Cameroon produces 270000 tons of Palm oil annually as against national demand which stands at 400,000 tons.
Experts in the sector in a press conference recently in Yaoundé revealed that production has fallen by 20% in 2017. They advice that if Cameroon must feed local population and home based manufacturing industries, then the country must resort to importation. A situation not cherished by local producers of the basic good.
Since the start of this year, the purported bread basket of Central Africa, Cameroon has imported some 230000 tons of palm oil at its primary stage from neighboring Gabon so as to avert the scarcity and avoid price inflation in the market. The authorization to import this commodity was granted by the minister of finance on December 9th 2016.
Its very difficult to understand that Cameroon who has fed Gabon for years,now turns to her for food security in the advent of shortage.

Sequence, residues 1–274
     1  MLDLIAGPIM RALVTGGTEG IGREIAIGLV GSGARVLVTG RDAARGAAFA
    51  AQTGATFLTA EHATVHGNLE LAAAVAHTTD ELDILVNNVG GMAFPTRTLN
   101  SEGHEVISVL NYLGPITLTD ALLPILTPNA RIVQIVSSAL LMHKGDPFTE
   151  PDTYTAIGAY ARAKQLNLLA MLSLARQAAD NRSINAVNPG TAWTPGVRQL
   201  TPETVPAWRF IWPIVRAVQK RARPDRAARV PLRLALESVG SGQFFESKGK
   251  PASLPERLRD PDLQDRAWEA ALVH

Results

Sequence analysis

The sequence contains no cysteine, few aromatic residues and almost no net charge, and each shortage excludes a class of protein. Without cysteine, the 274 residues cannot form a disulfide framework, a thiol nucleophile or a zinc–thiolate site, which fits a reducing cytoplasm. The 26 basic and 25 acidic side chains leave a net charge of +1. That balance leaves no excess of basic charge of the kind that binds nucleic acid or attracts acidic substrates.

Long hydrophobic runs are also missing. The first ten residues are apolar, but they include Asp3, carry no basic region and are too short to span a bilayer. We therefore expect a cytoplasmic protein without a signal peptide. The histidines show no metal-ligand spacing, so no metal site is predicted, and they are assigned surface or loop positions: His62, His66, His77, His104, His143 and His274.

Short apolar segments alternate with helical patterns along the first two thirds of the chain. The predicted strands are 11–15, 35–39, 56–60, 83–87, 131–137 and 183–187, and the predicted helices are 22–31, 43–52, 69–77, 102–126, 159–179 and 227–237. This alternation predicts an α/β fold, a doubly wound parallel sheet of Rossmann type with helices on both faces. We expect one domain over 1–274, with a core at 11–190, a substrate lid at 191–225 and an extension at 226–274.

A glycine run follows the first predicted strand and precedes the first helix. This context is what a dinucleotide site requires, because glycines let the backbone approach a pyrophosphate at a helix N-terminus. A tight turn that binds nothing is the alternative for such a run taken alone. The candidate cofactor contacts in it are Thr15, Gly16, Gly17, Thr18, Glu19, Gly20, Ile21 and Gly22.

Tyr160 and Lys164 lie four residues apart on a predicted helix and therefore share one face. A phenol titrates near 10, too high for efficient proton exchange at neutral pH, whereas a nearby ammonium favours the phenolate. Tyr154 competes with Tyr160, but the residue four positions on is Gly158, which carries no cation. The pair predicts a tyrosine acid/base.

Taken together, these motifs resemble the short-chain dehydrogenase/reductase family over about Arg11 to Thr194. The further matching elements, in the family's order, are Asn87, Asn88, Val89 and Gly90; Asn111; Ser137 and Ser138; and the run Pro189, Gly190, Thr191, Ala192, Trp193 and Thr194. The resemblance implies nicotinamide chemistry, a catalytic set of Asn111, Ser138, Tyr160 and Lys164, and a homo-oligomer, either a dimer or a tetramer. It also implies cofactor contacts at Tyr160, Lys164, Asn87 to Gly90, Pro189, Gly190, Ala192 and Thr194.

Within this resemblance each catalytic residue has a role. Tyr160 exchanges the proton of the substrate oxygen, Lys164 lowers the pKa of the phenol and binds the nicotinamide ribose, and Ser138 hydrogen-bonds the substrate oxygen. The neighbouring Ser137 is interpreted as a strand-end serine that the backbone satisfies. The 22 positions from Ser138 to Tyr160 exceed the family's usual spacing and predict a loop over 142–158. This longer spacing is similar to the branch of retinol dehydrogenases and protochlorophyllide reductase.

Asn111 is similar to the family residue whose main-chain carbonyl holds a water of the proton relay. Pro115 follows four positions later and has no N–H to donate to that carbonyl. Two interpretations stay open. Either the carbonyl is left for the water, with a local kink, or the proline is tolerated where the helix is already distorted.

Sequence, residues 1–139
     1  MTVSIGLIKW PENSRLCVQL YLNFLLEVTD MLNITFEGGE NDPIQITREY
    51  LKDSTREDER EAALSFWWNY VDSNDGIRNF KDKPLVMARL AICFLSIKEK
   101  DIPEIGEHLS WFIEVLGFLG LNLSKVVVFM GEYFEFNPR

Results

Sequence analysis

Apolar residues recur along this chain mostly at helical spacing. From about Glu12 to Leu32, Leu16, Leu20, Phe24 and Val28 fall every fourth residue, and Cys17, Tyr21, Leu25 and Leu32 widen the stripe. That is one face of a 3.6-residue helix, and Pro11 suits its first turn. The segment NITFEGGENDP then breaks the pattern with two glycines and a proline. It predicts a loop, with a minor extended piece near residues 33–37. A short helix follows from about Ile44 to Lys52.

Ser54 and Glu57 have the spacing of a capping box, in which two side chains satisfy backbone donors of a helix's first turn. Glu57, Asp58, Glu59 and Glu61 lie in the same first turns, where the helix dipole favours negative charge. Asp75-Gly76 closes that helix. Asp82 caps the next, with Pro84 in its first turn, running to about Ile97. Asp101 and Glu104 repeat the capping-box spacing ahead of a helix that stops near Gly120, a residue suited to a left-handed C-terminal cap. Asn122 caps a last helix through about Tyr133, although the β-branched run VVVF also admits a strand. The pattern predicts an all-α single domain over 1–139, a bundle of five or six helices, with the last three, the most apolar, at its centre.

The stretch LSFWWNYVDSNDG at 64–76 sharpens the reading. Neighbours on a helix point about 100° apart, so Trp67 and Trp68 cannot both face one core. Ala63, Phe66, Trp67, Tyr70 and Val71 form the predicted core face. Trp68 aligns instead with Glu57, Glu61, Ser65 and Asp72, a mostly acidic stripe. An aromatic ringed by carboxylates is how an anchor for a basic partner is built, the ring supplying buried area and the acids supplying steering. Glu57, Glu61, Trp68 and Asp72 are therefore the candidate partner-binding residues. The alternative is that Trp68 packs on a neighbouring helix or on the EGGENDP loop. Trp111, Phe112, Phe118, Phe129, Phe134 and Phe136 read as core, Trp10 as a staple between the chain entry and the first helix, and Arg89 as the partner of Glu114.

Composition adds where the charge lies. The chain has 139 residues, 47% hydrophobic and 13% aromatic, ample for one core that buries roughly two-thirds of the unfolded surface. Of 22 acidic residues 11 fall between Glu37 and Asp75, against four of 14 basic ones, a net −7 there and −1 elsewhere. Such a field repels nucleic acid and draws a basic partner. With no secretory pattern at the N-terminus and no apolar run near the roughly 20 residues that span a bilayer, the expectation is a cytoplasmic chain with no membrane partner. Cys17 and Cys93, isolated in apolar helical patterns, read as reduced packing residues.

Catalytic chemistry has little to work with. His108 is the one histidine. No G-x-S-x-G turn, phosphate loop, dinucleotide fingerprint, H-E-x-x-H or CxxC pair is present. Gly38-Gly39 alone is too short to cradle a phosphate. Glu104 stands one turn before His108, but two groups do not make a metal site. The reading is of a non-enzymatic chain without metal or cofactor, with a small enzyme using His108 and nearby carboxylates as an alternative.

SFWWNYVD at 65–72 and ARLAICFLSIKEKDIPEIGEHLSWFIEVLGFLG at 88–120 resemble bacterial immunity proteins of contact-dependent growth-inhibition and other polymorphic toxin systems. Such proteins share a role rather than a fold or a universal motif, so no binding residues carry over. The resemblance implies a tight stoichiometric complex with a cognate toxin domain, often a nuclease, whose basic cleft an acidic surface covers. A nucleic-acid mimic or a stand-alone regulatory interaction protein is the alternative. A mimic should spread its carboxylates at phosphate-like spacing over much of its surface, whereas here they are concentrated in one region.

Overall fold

Dr Dieudonne Essomba, renowned francophone Economist blames this on poor government policies. He told Cameroon Concord that; the so much talk about second generation agriculture has become a mere political slogan, youths have fled the roral areas in search of white collar jobs in big cities consequently, abandoning agriculture in the hands old people. More to that, government spend much part of its budget in buying luxurious cars rather than investing in meaningful sectors like agriculture.
On his part, Bernard Njonga, Farmer and politician, holds the opinion that the new deal government of mr Biya transformed the green revolution project into his campaign song.
Last year, la republic decided to send a delegation from the ministry of Agriculture and rural development (MINADER) and some technicians from the Cameroon Development Corporation (CDC) to Malaysia to study the techniques used by the palm oil giant to produce 22 million tons of palm oil yearly.
Since then, the mission of the Cameroonian delegation has not yielded any fruit because till date, the country still produce less than 300,000 tons and hope to reach 450,000 tons in 2020.